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The Art of Survival

Chamber-music superstars the Emerson Quartet continue to thrive after 30 years.

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The Emerson String Quartet: from left, Lawrence Dutton, Eugene Drucker, Philip Setzer, and David Finckel.  

A few days into the new year, four musicians gather in an Upper West Side apartment to play through a Haydn string quartet. The cellist spears the kilim with his end pin, gouging the parquet beneath. That’s okay: It’s his apartment, and it’s accustomed to the abuse. The piece (Op. 64, No. 3) is new to the men, but it doesn’t sound that way. The notes are in place, exuding warmth and vinegary wit, and the musicians end the first movement with upraised bows and a joint laugh. Within twenty minutes, they have sanded off splinters of uncertainty, sharpened the contours, and relaxed the phrasing. In two months, it will be polished enough to share with an audience.

For nearly 30 years, these four friends—violinists Philip Setzer and Eugene Drucker, violist Lawrence Dutton, and cellist David Finckel—have been fused into the Emerson String Quartet, the most successful chamber ensemble in classical music. They have circled the world together, acquired eight Grammy Awards, and leaned on one another through health and family problems. None of the four is sure how to distinguish between professional camaraderie and personal feelings. They spend so much time together (more than many families do, maybe more than their own families) that they rarely socialize at home, yet theirs is a web so tight and complex, it resembles some Amazon tribe. “It’s an unbreakable friendship,” says Finckel. “They’re like my brothers. And that means a whole extended family: their wives, their kids, their friends. It’s a society.”

One source of sanity is the time they do get to spend apart, even on the road. They fly out of different New York airports and follow their own routines. Drucker eats a late lunch alone on concert days; Dutton practices scales while watching sports on television (with the sound off). Occasionally, the quartet members will say good-bye after a rehearsal in Manhattan and next meet up on the stage of a European concert hall. They give each other a lot of freedom to pursue ancillary careers. Drucker wrote a novel (The Savior, about a violinist). Setzer and Dutton teach. Finckel, the workaholic, tours with his wife, the pianist Wu Han, and, among other things, the two of them run the Chamber Music Society of Lincoln Center. But the core of the four lives is the unit they form. Even when they’re alone, they’re not really apart. “I do a lot of practicing for quartet concerts, and in those hours, I still feel halfway like I’m with them,” says Drucker. Practicing in solitude means anticipating, often subconsciously, decisions that need to be made as a group.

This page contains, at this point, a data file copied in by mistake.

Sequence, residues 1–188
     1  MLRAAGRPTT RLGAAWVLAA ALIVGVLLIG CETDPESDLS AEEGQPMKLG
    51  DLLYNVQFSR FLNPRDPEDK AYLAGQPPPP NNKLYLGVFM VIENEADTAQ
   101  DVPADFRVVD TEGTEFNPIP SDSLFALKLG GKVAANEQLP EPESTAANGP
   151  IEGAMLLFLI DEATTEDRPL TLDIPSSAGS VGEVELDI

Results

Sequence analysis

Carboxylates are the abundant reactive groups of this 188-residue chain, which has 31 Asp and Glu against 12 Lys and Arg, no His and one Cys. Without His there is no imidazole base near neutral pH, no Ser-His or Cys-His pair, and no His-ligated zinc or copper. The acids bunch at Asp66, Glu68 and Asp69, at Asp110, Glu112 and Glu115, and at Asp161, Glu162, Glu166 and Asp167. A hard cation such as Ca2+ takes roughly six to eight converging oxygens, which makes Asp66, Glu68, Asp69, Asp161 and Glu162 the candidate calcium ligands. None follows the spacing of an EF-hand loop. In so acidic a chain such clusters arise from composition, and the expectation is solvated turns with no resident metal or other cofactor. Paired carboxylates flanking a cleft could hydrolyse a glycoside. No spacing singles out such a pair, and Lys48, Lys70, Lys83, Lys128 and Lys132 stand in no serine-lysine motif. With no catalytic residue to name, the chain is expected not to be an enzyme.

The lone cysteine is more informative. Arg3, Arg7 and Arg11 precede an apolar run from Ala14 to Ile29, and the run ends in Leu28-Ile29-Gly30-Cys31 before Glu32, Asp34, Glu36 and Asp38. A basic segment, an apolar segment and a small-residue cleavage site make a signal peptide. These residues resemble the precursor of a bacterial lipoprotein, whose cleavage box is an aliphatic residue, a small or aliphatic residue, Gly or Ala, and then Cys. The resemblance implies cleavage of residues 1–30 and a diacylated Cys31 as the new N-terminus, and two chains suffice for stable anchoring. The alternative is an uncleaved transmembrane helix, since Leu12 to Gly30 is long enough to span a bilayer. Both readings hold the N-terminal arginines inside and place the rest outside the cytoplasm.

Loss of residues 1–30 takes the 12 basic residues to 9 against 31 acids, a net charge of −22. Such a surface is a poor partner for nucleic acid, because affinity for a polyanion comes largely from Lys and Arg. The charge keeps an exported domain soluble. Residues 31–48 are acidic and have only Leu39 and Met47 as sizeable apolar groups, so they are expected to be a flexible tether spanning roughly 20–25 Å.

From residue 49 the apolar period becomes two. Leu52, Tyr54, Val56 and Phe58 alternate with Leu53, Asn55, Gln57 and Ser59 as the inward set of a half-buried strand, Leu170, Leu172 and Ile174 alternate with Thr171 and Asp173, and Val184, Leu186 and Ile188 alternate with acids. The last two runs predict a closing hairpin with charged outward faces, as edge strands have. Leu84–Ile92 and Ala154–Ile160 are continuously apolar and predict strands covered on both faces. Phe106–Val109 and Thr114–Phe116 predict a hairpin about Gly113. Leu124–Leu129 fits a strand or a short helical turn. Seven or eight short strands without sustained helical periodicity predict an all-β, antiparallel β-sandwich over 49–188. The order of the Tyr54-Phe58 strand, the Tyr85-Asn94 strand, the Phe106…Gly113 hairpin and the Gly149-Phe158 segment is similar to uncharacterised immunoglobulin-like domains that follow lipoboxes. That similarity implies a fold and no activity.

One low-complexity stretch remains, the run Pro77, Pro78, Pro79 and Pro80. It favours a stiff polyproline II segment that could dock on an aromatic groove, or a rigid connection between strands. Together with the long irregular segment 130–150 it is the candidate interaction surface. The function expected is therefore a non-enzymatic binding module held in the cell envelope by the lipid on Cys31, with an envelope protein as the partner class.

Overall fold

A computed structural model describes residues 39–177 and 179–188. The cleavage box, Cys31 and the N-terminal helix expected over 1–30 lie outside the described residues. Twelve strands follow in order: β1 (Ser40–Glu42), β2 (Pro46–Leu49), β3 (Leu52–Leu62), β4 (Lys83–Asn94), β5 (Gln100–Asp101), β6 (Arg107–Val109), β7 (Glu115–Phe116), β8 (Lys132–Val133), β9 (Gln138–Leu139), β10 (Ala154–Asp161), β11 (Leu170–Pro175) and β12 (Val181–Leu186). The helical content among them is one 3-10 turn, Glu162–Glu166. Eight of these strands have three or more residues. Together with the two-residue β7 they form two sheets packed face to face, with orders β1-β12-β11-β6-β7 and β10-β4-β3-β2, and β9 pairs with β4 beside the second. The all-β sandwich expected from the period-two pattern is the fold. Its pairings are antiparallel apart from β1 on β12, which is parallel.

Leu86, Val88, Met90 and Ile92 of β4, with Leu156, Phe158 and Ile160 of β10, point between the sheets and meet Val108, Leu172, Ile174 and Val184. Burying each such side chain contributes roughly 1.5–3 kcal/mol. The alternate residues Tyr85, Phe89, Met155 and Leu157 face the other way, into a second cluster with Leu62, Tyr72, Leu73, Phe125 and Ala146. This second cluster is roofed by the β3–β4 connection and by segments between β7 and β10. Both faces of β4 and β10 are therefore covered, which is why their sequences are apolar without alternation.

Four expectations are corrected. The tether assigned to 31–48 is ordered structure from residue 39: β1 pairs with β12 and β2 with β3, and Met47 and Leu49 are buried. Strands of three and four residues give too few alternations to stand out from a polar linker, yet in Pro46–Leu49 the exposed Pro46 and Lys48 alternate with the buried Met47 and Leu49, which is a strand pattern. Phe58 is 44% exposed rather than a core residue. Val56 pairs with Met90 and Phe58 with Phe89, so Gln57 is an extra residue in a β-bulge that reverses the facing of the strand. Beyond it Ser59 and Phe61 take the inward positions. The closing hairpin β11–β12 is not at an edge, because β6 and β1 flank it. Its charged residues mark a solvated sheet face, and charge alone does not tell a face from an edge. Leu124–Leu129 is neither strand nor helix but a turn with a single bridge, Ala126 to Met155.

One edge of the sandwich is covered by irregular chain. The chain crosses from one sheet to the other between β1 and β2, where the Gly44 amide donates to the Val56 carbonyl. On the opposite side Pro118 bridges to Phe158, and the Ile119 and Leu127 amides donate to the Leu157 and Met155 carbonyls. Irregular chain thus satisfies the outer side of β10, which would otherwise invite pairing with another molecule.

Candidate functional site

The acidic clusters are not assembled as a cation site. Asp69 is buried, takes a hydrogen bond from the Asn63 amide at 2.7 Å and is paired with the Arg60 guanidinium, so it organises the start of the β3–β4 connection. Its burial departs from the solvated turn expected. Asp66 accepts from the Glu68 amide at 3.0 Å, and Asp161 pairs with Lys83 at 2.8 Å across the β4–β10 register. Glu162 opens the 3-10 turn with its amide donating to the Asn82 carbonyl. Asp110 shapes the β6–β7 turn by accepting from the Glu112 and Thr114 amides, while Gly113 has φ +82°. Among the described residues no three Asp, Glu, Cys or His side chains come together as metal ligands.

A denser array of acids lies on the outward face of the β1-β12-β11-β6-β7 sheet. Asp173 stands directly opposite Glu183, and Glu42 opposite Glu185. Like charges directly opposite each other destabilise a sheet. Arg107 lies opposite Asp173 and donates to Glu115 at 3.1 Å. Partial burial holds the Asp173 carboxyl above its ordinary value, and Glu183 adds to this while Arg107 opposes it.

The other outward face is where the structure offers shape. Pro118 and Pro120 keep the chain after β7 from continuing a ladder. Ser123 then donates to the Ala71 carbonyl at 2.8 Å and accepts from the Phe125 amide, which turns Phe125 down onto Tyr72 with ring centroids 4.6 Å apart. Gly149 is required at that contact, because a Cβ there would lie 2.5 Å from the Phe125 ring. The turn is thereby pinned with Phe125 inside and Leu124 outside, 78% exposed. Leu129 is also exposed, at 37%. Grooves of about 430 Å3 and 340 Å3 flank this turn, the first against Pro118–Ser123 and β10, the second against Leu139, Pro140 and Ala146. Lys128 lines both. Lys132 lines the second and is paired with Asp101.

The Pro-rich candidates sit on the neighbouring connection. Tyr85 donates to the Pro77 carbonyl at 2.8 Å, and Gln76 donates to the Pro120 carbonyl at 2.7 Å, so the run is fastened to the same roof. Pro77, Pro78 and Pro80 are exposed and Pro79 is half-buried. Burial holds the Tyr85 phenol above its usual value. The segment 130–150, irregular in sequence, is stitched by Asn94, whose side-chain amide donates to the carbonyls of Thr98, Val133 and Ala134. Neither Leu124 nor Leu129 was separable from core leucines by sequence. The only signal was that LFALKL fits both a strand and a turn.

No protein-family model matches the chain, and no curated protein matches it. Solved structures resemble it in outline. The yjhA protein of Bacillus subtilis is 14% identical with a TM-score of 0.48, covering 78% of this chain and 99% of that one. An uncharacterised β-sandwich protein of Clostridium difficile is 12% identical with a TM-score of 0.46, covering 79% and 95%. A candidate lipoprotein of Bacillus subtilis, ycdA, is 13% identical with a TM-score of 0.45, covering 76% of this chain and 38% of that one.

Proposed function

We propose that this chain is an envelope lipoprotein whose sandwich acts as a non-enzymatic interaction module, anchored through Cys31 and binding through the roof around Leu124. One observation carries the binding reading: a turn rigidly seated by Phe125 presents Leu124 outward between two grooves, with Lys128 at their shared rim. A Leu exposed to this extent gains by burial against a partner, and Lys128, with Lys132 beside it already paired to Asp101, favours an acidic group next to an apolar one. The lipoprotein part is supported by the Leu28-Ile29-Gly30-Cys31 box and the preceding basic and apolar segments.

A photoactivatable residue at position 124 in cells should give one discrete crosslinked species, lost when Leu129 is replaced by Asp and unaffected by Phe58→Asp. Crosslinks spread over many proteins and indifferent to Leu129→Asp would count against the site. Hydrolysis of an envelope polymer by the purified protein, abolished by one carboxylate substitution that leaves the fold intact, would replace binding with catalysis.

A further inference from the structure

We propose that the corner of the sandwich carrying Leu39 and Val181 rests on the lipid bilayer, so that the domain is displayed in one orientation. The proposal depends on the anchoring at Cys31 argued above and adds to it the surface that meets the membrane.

For 250 years, the string-quartet genre has beckoned composers to extremes of grandeur and confession, and the Emerson ranges widely in that terrain, from the balmy charms of Mendelssohn to Shostakovich’s wintry gloom. “When we have an audience, the intensity brings out the best of us,” says Drucker. “We can still make some sparks fly, even after all these years.” Musical chemistry is the obvious glue, but so is mutual respect. To survive so long in a landscape littered with dead and dismembered ensembles requires a specific code of behavior. Article one: Every decision must be unanimous. There is no Article two. Drucker and Setzer switch off playing first violin, so that neither gets too used to lyrical lines or feels condemned to a perpetual um-chug-chug.